For example, in a commercial lease, using an LLM to extract “renewal option terms” could produce outputs such as "One 5-year option at market rent", "Two 5-year options at 2% above current rent", or "No renewal option". These specific words don’t need to appear in the text like they do in the other approaches… the LLM can understand that a full paragraph describing renewal terms should be summarized as “Two 5-year options at 2% above current rent" and return that as an output. This is the closest thing to having an attorney review and summarize your document – like an automated lease abstract.
The potential drawbacks we’ve seen with this approach are false positives and “imagined values” that are not actually anywhere in the document. In one instance, since the tenant name wasn’t filled in on a residential lease, the LLM we used produced a value of “John Doe” for the tenant. If you prompt an LLM with something that doesn’t make sense, you’ll still get an answer – but it might be nonsense. Garbage In, Garbage Out, as they say. That’s why it’s critical to spend time on prompt engineering and testing to get consistent results. Once you do, though, we believe this approach is the most powerful of the three.
A consistent approach to data extraction builds a strong foundation for data analysis by combining and structuring data from internal and external systems. Here are a few benefits of using automated extraction systems like AnyExtract.ai:
Automation can help quickly access unstructured data sources that would be difficult to find manually. If every time you need a piece of information, you have to find the document in your file management system, then find the portion of the document with the answer you need with Ctrl + F… that really adds up. Automated data extraction puts the data you need at your fingertips, reducing delays and accelerating decisions.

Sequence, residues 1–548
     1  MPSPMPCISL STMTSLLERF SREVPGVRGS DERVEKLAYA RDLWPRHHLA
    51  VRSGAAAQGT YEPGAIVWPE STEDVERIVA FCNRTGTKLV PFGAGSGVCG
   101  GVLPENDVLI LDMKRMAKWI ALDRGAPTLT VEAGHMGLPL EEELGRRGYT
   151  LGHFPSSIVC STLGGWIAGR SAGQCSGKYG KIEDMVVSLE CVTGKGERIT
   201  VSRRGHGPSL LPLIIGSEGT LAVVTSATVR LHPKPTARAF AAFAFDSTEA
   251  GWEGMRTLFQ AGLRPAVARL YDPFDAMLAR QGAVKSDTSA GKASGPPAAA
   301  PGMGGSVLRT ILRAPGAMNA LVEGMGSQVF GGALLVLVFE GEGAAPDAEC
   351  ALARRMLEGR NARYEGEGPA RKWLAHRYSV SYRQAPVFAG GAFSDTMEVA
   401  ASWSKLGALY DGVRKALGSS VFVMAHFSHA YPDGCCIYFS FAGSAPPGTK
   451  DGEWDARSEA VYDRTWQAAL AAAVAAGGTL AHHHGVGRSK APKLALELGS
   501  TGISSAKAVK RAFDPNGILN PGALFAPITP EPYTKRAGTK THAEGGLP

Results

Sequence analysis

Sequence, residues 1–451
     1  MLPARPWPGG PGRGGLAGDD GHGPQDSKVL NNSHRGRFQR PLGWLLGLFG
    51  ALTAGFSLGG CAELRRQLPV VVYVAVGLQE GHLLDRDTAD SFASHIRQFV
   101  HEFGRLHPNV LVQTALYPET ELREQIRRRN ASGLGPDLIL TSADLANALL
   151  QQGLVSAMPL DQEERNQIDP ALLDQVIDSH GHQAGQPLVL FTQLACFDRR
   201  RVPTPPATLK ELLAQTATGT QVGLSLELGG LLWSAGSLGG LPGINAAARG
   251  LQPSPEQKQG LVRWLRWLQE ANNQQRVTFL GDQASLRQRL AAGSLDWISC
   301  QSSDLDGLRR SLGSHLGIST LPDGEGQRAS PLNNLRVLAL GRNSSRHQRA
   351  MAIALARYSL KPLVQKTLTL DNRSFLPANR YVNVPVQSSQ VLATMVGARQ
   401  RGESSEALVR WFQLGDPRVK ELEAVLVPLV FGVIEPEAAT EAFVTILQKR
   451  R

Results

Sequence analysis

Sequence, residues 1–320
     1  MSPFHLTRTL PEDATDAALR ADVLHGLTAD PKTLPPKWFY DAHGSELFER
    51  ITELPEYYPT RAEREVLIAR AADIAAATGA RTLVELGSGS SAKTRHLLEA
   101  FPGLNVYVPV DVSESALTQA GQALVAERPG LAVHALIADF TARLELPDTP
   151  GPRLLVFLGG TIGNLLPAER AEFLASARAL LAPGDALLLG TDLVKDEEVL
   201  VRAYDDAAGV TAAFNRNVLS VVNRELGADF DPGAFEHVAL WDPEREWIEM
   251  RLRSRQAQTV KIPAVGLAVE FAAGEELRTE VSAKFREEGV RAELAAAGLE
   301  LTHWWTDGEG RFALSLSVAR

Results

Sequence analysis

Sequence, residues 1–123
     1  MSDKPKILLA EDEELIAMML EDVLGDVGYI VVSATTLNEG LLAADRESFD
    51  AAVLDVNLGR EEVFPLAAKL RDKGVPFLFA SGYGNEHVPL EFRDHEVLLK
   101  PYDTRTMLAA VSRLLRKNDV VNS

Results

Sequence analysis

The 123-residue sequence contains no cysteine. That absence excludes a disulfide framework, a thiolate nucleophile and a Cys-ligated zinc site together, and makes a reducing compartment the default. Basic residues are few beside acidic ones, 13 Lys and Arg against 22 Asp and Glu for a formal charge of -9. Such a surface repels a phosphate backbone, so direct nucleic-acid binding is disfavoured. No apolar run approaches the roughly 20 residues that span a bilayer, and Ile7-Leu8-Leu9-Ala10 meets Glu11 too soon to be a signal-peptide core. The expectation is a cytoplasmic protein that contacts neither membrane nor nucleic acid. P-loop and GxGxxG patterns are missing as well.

Manual data extraction is expensive due to the numerous checks required and staffing needs. We’ve heard of real estate companies spending millions a year for overseas document processing, or having a team of internal people whose only job is to transcribe data from PDFs to Excel workbooks. Automatically extracting data from common document types can help reduce costs and get results faster.
As experienced as they may be, human beings make mistakes (particularly when they are processing the same document types all day). Automating the extraction process can significantly reduce data entry errors, such as incomplete records, missing items, and duplicate values.
Real estate is a highly competitive industry, but the majority of the industry is still spending inordinate amounts of time manually moving data from one document type to another. Automating real estate data extraction is becoming essential to save time and money, but it’s even more critical to improve retention and limit burnout across your team.
AnyExtract.ai is the easiest real estate data extraction product to get started with. To try it out, just send your commercial lease to firstname.lastname@example.org with “Commercial Lease” in the subject line, and our algorithm will extract the key terms and send a summary back to you in minutes.
If you want to learn more about our bulk discounts or discuss implementing our algorithm for a particular document type, reach out at email@example.com, and we’d be happy to discuss!
Schedule a demo below if you are interested in using our platform or APIs.Schedule a Demo
When real estate professionals take a look at all the options for automated data extraction, there are so many products available that it can be pretty confusing trying to find the best one. What makes the most sense for your business? If you are trying to make a decision today, there are a few key differences between machine learning and OCR to think about.
Property managers, landlords, and investors all understand the importance of maintaining high occupancy in rental properties. To consistently attract and retain tenants though, sometimes you have to offer rent concessions, also known as specials.